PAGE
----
The narrator has a lot of friends. He relies a lot on them and their approval as well as their opinion on several matters. When the narrator wanted to marry Florence, his in-laws decided to give the relationship a chance to grow for one year as they did not want their daughter Florence to marry a man who lived far away from them. A month before his marriage, he runs into a friend who had bought a house with lovely furnishings. This man is the narrator’s friend Jeff Cooper, and Cooper is a married man. However, his firm Standard Oil suddenly posted him to China, and he had to sell his fully-furnished and well done up flat, which he had bought for 45,000 dollars. The narrator sees the flat and is dazzled by its excellent furnishings. He readily buys the flat, thinking that Florence would agree with his taste. To every one of us to whom the flat is described, we find nothing wrong at all with the flat. It is done up in stucco, a fine plaster used for coating wall surfaces or molding into architectural decorations. The furniture is new, fancy, and strong because it is mostly made of mahogany. The people furnishing the house, who were the Wolfe Brothers, even went out of their way to create a sort of contrast to the place by not using mahogany in the bedroom but another kind of similar wood that looked different to remove monotony. The narrator immediately buys the flat and furnishings. He was also pleased with the mahogany piano that he got. He, therefore, did not require his mother’s piano. The narrator is unable to conceal the truth from Florence and tells her all about it. Notice how Florence mentions that she hoped the narrator’s taste in homes was better than his clothes choice. It indicates that he dressed shabbily. In Florence’s opinion, a perfect house was made like a barn with nothing new. This is highly amusing, especially when we see her reaction to the house. She goes into her shell and cries all the time. The narrator mentions that the only time they were a happy couple was when they were on their week-long honeymoon in Yellowstone. The very fact that they only went to Yellowstone for a weekend shows that they were only upper-middle-class or just middle class, and it was through good luck that they had managed to get the Cooper home.
Florence hates the home at first sight. She keeps silent and cries all the time. This is because:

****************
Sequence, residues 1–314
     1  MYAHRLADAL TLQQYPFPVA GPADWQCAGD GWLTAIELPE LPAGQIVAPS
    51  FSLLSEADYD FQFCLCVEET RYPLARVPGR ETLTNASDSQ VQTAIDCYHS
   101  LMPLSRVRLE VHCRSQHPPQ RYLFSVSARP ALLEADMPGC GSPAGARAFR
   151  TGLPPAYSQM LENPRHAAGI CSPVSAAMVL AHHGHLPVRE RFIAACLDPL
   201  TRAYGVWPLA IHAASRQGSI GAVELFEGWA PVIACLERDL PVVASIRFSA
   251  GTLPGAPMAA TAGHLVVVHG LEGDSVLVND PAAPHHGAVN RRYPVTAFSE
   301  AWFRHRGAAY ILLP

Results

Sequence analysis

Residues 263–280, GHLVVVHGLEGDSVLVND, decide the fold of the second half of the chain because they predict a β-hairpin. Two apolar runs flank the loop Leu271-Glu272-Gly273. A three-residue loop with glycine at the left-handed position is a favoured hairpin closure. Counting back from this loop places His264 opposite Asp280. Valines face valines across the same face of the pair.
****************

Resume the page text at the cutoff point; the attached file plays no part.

- She was not consulted about her choice and needs of a family house by the narrator.
- The house was shiny, brand-new, and so horrid in her skewed opinion, which adds humor to the story.
When the Dwan family calls on them, the narrator realizes that his old friend Dwan’s wife Mildred also went to school with Florence. They are quite similar in temperament:
- They keep crying all the time.
- They have a ‘barn complex’ where homes are concerned.
- They picked this notion about old homes being lovely from their school.
The narrator invites the Dwan family to his home. Then Mildred Dwan asks the narrator and his wife to their home, which the narrator soon realizes to his amusement was a reorganized barn. Florence finds the house or barn to be beautiful, while the narrator sees the whole idea of converting a barn into a home as ridiculous. He thinks his wife is not sincere when she keeps on saying that she loves the place. He thinks she is a kidder, but he is wrong. Florence indeed loves the place. However, to normal eyes like the narrator, the place was a big mess. It looked horrid with not a hint of mahogany anywhere. Most of the wood had knots that needed to be covered with rugs. There was a false canopy to keep the rain from falling on the bed. The whole house’s lighting was inadequate, and the dinner table was made up of planks nailed together and looking scorched, and much more. Indeed, it was a disaster. The narrator had to bite his tongue for the whole visit because he wanted to joke about the ensemble or make his point very clear that he did not like the place.